The two studies are designed to demonstrate the qualifications of separation technology for subsea applications. Related subsea processing technologies also will be employed in the studies. The Petrobras study is scheduled to be performed over a two-year period, and the Statoil study is scheduled to be completed by year-end 2004.
FMC Technologies has been conducting research and development activities in subsea processing technology for several years. In 2003, the Company advanced this effort with the acquisition of controlling interest in CDS Engineering, a leading provider of gas and liquids separation technology and equipment for both onshore and offshore applications and floating production systems.
"These studies represent significant milestones for the advancement of subsea processing," said Peter D. Kinnear, Executive Vice President - FMC Technologies. "We are pleased to be chosen to work with Petrobras and Statoil in these important development efforts."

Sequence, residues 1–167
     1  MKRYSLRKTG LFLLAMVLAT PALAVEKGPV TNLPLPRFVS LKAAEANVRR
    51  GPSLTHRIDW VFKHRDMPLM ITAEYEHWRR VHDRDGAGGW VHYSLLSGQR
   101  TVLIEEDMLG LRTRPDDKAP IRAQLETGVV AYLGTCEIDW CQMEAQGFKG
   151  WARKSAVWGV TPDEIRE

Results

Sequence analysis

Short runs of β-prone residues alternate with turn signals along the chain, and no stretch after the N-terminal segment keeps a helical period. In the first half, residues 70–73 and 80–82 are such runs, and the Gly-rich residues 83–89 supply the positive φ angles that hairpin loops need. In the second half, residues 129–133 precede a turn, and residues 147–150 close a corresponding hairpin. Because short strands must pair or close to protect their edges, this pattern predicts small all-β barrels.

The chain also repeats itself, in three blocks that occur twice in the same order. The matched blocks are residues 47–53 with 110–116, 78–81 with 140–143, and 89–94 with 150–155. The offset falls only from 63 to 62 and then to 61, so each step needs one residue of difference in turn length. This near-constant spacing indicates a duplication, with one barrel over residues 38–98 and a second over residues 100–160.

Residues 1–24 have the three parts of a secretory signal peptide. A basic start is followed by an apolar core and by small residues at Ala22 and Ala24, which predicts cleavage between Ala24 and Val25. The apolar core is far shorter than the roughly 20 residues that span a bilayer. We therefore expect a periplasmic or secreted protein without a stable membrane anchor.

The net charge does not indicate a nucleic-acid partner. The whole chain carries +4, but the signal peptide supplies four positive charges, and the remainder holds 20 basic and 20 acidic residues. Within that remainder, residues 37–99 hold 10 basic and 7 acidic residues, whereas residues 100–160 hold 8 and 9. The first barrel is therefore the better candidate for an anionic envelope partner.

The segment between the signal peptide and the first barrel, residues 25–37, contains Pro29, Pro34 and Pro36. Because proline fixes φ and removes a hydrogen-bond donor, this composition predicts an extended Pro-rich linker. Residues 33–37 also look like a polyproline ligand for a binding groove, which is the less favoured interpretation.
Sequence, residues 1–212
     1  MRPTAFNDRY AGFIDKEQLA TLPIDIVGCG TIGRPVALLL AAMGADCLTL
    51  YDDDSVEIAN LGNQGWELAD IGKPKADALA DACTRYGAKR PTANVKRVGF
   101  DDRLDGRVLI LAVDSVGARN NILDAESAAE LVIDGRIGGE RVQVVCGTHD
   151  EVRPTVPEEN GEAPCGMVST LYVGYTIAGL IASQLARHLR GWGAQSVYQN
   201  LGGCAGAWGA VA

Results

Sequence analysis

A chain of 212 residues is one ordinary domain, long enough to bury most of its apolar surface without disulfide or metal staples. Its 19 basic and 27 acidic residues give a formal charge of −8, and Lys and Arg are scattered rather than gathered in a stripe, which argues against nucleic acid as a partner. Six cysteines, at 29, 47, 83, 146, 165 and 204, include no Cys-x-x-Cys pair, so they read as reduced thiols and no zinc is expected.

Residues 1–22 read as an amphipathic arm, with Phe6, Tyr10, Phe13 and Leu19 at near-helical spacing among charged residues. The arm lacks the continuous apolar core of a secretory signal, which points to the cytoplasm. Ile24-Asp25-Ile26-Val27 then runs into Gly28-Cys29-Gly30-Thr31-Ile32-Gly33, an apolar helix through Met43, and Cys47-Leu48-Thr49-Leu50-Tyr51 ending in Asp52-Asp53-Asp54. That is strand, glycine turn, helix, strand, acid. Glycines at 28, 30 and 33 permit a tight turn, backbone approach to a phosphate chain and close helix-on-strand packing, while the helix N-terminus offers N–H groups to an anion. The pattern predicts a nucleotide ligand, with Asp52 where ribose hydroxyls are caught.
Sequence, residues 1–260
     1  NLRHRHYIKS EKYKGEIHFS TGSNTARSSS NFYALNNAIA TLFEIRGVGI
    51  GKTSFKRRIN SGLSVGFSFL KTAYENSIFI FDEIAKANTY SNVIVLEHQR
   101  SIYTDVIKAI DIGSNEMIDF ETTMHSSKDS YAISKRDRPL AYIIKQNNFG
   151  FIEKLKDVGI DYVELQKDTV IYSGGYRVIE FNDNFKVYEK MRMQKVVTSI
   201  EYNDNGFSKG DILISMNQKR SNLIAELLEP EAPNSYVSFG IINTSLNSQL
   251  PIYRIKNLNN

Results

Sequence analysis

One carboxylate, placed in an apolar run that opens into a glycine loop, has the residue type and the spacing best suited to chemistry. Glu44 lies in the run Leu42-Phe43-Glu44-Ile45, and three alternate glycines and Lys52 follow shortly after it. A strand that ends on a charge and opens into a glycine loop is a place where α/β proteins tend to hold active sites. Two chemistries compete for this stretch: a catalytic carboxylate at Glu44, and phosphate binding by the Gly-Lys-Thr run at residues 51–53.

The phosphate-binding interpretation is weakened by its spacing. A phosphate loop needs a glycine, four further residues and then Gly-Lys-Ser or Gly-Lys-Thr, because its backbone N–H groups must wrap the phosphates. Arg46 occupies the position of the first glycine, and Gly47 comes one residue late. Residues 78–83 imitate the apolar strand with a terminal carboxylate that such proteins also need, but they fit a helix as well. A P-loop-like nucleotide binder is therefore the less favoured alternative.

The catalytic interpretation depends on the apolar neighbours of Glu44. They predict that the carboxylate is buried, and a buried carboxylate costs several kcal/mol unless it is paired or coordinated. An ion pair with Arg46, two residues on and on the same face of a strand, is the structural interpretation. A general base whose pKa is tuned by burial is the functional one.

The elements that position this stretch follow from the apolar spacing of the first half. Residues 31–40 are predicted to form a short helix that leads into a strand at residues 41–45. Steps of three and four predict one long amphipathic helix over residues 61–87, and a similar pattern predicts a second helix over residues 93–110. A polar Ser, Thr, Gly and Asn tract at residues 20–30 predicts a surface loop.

Subsea processing is an emerging technology that offers value-adding benefits for a range of subsea-developed fields, both as retrofit installation in producing fields or as part of the initial development of new fields or tie-ins. For mature fields, subsea processing typically offers bulk water removal and/or pressure boosting, thereby overcoming constraints in topside processing capacities or declining wellhead pressures. This accelerates production and enhances recovery, particularly in cases of great water depth and/or limitations in the flowline hydraulic capacities. For new developments, subsea processing provides separation and/or boosting as a tool to mitigate flow assurance challenges associated with long tie-back distances and ultra-deep waters. This includes de-watering, which reduces the need for hydrate control, gas/liquid separation, which allows split transport, and pumping/compression, which overcomes the pressure losses in the flowlines.
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